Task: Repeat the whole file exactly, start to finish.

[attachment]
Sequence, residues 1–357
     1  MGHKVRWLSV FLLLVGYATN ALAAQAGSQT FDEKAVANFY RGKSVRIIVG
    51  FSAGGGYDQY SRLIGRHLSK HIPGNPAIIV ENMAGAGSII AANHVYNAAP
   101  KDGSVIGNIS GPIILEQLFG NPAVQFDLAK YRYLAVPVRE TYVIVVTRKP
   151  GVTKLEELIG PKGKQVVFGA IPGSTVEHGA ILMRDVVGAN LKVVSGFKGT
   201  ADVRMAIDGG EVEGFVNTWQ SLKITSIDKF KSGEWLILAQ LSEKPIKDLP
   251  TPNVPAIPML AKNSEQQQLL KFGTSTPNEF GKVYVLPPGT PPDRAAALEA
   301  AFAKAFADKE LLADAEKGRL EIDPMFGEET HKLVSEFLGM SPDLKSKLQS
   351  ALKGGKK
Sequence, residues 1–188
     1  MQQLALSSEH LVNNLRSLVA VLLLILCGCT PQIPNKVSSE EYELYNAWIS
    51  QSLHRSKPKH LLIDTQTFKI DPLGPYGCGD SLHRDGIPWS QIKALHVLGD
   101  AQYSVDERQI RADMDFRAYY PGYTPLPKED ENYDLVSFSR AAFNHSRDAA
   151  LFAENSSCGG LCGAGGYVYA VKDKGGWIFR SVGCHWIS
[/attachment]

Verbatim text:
Sequence, residues 1–357
     1  MGHKVRWLSV FLLLVGYATN ALAAQAGSQT FDEKAVANFY RGKSVRIIVG
    51  FSAGGGYDQY SRLIGRHLSK HIPGNPAIIV ENMAGAGSII AANHVYNAAP
   101  KDGSVIGNIS GPIILEQLFG NPAVQFDLAK YRYLAVPVRE TYVIVVTRKP
   151  GVTKLEELIG PKGKQVVFGA IPGSTVEHGA ILMRDVVGAN LKVVSGFKGT
   201  ADVRMAIDGG EVEGFVNTWQ SLKITSIDKF KSGEWLILAQ LSEKPIKDLP
   251  TPNVPAIPML AKNSEQQQLL KFGTSTPNEF GKVYVLPPGT PPDRAAALEA
   301  AFAKAFADKE LLADAEKGRL EIDPMFGEET HKLVSEFLGM SPDLKSKLQS
   351  ALKGGKK
Sequence, residues 1–188
     1  MQQLALSSEH LVNNLRSLVA VLLLILCGCT PQIPNKVSSE EYELYNAWIS
    51  QSLHRSKPKH LLIDTQTFKI DPLGPYGCGD SLHRDGIPWS QIKALHVLGD
   101  AQYSVDERQI RADMDFRAYY PGYTPLPKED ENYDLVSFSR AAFNHSRDAA
   151  LFAENSSCGG LCGAGGYVYA VKDKGGWIFR SVGCHWIS